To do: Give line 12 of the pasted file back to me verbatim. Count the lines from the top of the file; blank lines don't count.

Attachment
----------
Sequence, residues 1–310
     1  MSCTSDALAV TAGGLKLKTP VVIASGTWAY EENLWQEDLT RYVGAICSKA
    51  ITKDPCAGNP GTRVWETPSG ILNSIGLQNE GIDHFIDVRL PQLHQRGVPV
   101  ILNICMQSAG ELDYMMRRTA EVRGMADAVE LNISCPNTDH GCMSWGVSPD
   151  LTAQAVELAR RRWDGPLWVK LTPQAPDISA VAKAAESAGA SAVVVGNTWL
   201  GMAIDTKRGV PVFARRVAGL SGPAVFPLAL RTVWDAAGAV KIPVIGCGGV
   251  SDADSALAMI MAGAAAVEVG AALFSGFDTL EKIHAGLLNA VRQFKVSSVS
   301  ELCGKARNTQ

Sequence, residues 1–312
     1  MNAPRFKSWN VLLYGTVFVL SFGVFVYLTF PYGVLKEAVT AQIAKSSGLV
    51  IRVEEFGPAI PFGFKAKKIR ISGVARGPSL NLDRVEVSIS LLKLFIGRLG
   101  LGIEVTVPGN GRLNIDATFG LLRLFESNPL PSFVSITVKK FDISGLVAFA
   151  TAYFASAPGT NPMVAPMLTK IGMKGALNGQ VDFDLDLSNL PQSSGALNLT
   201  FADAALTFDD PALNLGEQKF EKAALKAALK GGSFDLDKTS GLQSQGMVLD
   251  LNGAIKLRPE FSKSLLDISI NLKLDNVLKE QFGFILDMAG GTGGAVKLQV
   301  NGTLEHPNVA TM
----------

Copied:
   101  LGIEVTVPGN GRLNIDATFG LLRLFESNPL PSFVSITVKK FDISGLVAFA